A honeybee's brain is hardly bigger than the tip of a dog's whisker, yet you can train a bee just as Pavlov got his pups to drool on hearing their dinner bell. Using a sugar solution as a reward, you can teach the insect to extend its little mouthparts in response to different scents.

Several Pavlovian lab studies of individual worker honeybees, however, found that those fed small amounts of pesticides—especially a class called neonicotinoids—do not learn which scents lead to a sweet reward as quickly as their pesticide-free peers do. Yet, until recently, it wasn't clear what these and other lab studies meant for the health of entire bee colonies, which might have strategies to mitigate the overall impact of problems with particular hive members. "Just because you see the effect in the bee in the lab, strapped into this lab apparatus, [doesn’t mean you know] how does this translate into a colony in a field?" says Reed Johnson, an entomologist at The Ohio State University who studies pesticides' effects on honeybees.

To probe the colony question, academic research on neonicotinoids and other pesticides is moving from studies in labs to the outdoors—examining both the effects on entire honeybee or bumblebee hives as well as those on solitary bees nesting near crops. Such studies could help determine how and to what extent pesticides are behind the accelerated rate at which honeybee hives are dying. They also seek to answer whether pesticides are harming other bee species that are important to agriculture.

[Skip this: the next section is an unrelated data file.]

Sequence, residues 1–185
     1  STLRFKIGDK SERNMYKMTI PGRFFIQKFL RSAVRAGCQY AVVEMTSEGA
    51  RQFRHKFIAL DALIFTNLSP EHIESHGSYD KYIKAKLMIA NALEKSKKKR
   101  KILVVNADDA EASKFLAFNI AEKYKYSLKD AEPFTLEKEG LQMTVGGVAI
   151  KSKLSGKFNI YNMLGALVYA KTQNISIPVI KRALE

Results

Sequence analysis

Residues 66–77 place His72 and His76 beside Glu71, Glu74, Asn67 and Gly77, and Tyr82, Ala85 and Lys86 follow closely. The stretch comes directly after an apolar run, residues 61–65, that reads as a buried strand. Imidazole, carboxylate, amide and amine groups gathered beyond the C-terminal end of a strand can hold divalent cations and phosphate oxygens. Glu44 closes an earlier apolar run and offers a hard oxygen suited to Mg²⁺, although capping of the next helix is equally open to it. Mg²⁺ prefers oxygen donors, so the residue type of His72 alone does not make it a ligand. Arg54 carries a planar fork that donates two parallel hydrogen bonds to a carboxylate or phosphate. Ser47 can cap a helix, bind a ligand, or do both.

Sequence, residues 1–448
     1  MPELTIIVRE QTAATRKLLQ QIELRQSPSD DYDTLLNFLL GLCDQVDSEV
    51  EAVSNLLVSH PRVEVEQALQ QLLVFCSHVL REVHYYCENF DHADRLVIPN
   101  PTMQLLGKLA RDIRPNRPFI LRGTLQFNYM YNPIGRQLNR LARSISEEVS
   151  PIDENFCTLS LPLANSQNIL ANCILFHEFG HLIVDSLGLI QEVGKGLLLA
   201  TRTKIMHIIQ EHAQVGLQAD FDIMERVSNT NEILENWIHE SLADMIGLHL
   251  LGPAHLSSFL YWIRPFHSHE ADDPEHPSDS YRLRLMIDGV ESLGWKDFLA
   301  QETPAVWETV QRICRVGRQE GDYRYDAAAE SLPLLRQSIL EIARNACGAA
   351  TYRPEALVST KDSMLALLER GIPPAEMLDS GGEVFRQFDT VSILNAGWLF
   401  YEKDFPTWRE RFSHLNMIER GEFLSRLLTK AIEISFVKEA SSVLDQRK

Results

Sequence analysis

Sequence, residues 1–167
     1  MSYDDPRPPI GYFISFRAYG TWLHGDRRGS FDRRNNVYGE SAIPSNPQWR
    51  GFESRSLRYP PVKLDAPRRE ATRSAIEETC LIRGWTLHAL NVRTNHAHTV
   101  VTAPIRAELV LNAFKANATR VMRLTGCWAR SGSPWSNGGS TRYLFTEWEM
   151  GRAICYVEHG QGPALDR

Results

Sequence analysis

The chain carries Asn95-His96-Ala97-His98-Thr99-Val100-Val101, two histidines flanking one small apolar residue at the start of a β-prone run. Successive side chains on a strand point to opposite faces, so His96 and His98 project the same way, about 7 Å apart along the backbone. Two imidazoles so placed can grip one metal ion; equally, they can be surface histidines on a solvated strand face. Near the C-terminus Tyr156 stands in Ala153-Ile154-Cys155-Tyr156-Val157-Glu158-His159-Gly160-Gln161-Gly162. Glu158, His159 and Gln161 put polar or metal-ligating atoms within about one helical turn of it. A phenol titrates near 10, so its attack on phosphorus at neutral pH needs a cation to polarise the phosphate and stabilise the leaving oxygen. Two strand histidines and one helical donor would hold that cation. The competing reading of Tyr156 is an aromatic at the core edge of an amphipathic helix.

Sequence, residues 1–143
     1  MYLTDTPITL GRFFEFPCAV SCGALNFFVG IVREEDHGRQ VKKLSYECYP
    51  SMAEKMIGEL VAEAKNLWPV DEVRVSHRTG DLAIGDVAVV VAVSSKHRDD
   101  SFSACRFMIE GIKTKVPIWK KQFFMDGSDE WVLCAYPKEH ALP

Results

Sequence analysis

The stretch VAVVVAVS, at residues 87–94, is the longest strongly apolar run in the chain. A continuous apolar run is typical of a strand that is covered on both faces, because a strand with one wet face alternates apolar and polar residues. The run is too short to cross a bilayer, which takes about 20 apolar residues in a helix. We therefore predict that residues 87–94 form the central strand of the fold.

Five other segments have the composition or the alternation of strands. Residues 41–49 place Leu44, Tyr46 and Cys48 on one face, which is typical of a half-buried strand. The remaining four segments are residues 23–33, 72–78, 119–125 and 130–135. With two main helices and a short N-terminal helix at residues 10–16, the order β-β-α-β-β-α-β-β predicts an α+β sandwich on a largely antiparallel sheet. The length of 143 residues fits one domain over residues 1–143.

Since 2006 U.S. honeybee-keepers have reported they lose 30 percent of their hiveson average after every winter. Before then, beekeepers would usually lose 5 or 10 percent of their hives after winter. The immediate reasons keepers report their hives are dying seem ordinary enough—winter starvation, pests such as the varroa mite and problems with queen bees such as premature deaths—but researchers are trying to understand why these seemingly normal problems are now happening at an extraordinarily higher rate. Pesticides could be one answer.

So far, honeybee-keepers have replaced lost hives through breeding, but experts worry that in the future bees won't be able to sustain such a high replacement rate. Populations could decline below what U.S. agriculture needs to pollinate America's nuts, fruits, vegetables and even livestock feed.

What do we know?
The field studies entomologists repeatedly cite include ones that found different neonicotinoids reduced the number of honeybee foragers that return to their hive as well as reduced the population growth and queen bee production of bumblebee colonies. Another study found that the neonicotinoid imidacloprid, when applied in combination with another popular, non-neonicotinoid pesticide called lambda-cyhalothrin, increased the likelihood that bumblebee hives will fail. "I do think it is pretty clear that neonics interfere with bees' ability to forage effectively," says David Goulson, a bumblebee researcher with the University of Sussex in the U.K. and an author of the bumblebee population growth study cited above. "For bumblebees, the evidence is overwhelming."